The Army's new high-speed and high-cost M1 tank has had its share of problems, and now comes a new one.
Its transmission is so delicate that it cannot do what previous tanks have traditionally done and dig itself in when it arrives where it wants to be.
So the Army has come up with a companion vehicle, called ACE, which will travel along with the M1. ACE stands for Armored Combat Earthmover. It's what a civilian might call a high-speed bulldozer.
M1s cost more than $2.5 million apiece. The Army wants more than 7,000 of them, or about $19 billion worth.
The ACEs cost about $1.1 million apiece. The Army is said to want more than 600 of them. That is at least another $600 million.
And then there is the fuel problem. The M1s not only have delicate transmissions, they are gas guzzlers.
To keep each battalion of M1s supplied with fuel, the Army says it will need 26 additional fuel trucks and tanks. These will cost $632,000 per battalion. The number of planned battalions is classified, but experts say it is almost sure to be more than 100. That is $63 million more.
The M1 and its trail-along vehicles are an example of a problem now plaguing the Army. Many of its proposed new weapons systems are running beyond their original cost estimates. Even defenders acknowledge that the Army is thus likely to be one of the main targets for defense budget cutters on the Hill this year.
The ACE is programmed to travel 30 miles an hour on the battlefield. Army officers say that it is needed and that it will be able to do the job much better than the old D7 military bulldozer, which has to be carried by a tractor-trailer and on its own can go no faster than five or six miles an hour.
Tanks normally dig in on the battlefield either to fire or to protect themselves from the enemy. Older tanks can have a blade attached to do the digging themselves. Or they wait for the slower bulldozers to arrive, carried by tractor-trailers.
At a congressional hearing last year, Army Chief of Staff Gen. Edward C. Meyer said that in order to install a blade on the M1 "you would have to use a different engine, different transmission, suspension, and make other significant modifications to be able to do the kinds of earth-moving tasks required."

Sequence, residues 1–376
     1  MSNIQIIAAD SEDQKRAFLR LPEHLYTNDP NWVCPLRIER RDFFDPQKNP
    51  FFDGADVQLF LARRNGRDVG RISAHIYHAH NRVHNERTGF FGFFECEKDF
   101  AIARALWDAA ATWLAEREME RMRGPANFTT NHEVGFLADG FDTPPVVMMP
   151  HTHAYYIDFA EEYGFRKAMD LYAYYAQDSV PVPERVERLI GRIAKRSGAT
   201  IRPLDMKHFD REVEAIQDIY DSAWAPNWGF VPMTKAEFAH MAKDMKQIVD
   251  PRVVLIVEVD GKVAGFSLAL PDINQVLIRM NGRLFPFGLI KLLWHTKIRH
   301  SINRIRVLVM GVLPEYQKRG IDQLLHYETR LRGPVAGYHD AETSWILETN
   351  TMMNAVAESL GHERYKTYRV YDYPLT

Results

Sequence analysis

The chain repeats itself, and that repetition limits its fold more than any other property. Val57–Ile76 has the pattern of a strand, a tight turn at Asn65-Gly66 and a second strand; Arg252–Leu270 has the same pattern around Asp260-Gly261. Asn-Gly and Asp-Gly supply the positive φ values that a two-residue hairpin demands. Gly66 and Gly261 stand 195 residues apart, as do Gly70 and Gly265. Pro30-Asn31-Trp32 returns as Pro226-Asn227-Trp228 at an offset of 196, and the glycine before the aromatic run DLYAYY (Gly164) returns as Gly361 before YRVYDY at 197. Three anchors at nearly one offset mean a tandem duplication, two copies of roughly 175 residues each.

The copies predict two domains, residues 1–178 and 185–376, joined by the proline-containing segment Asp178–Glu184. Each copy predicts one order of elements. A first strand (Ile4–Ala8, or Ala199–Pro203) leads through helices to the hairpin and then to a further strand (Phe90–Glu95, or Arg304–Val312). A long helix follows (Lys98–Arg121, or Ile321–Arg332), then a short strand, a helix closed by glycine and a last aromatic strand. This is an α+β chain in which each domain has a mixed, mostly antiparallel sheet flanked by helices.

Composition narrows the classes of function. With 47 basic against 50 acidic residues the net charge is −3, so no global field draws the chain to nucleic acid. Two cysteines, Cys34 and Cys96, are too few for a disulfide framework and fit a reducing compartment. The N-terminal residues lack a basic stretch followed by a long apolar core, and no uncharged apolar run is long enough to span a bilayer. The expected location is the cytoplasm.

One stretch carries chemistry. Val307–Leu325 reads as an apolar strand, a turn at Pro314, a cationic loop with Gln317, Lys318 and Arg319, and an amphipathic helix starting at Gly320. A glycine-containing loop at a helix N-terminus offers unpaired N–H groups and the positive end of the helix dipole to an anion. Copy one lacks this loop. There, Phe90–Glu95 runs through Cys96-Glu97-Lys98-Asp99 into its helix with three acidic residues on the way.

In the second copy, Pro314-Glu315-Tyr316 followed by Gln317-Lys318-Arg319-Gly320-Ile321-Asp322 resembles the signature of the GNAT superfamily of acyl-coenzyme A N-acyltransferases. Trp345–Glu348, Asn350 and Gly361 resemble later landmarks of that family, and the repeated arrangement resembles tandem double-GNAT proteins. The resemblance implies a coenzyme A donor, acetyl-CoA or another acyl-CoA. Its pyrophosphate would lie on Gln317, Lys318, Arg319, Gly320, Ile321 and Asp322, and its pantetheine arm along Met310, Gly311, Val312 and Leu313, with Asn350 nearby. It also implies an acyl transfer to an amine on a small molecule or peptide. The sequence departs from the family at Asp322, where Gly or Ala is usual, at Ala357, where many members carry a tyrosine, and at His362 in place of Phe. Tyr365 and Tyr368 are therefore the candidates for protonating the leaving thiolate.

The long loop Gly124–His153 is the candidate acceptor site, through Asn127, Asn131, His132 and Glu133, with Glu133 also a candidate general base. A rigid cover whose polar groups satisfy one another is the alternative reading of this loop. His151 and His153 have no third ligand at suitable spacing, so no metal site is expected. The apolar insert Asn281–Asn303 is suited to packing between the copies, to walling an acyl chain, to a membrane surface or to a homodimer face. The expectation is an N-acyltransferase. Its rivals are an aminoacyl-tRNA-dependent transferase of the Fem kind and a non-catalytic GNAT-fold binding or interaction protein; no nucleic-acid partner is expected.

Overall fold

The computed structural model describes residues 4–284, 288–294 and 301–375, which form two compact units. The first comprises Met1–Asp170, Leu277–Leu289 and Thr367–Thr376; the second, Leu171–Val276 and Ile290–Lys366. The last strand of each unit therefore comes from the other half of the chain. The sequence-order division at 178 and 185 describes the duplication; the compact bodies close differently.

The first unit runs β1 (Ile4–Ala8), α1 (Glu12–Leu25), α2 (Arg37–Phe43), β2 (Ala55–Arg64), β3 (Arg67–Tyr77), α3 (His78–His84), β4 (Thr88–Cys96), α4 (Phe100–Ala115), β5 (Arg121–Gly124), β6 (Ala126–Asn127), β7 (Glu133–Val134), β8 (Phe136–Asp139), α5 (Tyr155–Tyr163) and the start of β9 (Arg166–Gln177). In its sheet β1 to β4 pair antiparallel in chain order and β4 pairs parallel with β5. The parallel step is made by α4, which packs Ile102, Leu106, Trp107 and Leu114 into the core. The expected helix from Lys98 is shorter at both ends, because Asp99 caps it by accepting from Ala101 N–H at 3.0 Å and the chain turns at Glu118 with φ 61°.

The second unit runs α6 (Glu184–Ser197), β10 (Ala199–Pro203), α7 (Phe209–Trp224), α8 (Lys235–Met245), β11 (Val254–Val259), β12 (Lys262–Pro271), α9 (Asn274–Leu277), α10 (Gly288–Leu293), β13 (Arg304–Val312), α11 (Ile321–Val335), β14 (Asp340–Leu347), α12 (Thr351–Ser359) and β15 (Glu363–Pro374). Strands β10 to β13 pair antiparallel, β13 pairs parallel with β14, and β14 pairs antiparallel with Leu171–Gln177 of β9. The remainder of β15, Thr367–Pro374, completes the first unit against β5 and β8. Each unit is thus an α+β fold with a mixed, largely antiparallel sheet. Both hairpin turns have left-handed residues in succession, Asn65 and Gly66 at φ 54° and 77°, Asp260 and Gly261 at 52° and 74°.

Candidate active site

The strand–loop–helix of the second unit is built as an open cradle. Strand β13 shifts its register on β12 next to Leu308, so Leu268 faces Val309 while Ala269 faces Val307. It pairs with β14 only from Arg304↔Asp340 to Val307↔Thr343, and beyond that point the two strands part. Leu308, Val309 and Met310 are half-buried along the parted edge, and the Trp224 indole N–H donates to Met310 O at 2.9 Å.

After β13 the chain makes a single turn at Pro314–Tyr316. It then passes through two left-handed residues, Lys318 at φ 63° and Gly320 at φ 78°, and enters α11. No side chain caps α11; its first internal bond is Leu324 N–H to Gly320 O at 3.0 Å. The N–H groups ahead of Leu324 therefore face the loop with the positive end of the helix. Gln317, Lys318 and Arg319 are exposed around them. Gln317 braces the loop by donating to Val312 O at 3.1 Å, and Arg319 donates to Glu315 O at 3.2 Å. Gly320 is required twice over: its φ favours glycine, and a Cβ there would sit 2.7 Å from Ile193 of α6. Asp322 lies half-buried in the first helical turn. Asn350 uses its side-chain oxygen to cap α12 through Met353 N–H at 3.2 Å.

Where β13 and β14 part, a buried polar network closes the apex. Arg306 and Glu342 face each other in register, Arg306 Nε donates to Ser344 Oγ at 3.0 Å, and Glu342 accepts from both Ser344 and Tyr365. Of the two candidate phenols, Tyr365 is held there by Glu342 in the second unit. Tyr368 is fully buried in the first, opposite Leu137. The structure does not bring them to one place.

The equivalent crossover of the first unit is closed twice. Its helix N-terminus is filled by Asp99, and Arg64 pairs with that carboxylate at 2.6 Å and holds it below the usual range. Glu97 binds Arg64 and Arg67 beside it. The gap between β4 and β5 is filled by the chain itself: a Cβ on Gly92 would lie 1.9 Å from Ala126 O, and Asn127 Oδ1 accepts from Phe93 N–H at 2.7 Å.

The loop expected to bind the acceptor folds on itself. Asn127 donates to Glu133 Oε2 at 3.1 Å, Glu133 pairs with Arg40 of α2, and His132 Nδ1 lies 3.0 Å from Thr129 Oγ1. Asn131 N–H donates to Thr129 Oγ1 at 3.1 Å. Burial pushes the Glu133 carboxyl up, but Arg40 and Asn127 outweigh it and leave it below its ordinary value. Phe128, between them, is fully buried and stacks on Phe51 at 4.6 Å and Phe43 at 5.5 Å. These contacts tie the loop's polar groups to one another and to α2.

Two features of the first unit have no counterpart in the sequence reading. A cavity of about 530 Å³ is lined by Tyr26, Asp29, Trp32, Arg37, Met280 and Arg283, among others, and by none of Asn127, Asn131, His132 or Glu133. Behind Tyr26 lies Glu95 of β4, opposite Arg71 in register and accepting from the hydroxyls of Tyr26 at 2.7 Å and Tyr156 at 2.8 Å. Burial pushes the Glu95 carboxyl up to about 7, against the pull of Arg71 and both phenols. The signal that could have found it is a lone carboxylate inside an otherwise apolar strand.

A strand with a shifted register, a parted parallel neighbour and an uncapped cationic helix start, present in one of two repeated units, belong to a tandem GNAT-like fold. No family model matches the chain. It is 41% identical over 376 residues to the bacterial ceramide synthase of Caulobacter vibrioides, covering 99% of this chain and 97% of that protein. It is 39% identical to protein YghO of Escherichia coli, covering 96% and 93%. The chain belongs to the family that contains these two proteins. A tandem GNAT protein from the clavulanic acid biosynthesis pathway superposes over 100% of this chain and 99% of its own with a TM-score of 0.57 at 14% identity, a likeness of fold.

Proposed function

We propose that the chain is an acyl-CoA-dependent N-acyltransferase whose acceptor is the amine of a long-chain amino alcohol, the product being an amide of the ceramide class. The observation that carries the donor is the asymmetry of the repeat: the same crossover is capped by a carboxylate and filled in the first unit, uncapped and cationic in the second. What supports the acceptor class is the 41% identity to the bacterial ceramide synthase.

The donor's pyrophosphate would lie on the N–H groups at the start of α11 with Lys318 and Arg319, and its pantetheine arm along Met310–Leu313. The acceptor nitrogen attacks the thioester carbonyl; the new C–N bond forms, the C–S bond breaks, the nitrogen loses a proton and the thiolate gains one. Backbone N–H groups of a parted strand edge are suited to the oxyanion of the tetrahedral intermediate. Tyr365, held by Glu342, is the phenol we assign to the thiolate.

That is why, for years, the Pacific Car and Foundry Co. of Renton, Wash., and the Army have been trying to sell Congress on the speedy, versatile armed bulldozer.
Not until last year did Congress approve $40.7 million for the Army to buy the first 36 of the earth-moving machines. Now there are plans to produce up to 100 a year for more than six years.
For the first three years that the Army sought the vehicle, the House Appropriations subcommittee on defense turned it down. During those years, congressional sources said yesterday, the Army had not appeared to be very enthusiastic about the bulldozer, which in those days was called the Universal Engineering Tractor or UET.
Then, last year, things seemed to change. The system was given its new name and jazzier acronym, ACE. It also was more actively supported than before by subcommittee member Norman D. Dicks (D-Wash.), in whose state the ACE is built.
The Army, sources said, buoyed by an increasing Reagan defense budget, "got its act together and decided what missions the ACE was to perform."
Dicks got the Army to report on a test that showed the ACE during maneuvers resulting in "significant increases in task force combat effectiveness, evident in increases over 22 percent in the ratio of enemy to U.S. weapons systems losses."
The Army, with new enthusiasm, described ACE as "not only affordable, but in terms of weapons system survivability, absolutely necessary." As a clincher, it was linked to the Rapid Deployment Force because, unlike the traditional bulldozer, it was "both air-transportable and air-droppable . . . ."
Congress bought the argument and the ACE started to roll, but at some cost.
When the new bulldozer was first proposed in fiscal 1978, its cost was put at $200,000 per unit. By 1979, the price was $660,000, and by April last year, when the Army testified about it before the House subcommittee, it had risen to $1.1 million.
The new version of the old Army bulldozer, including the tractor-trailer to carry it around, would cost only $300,000, according to Army officials.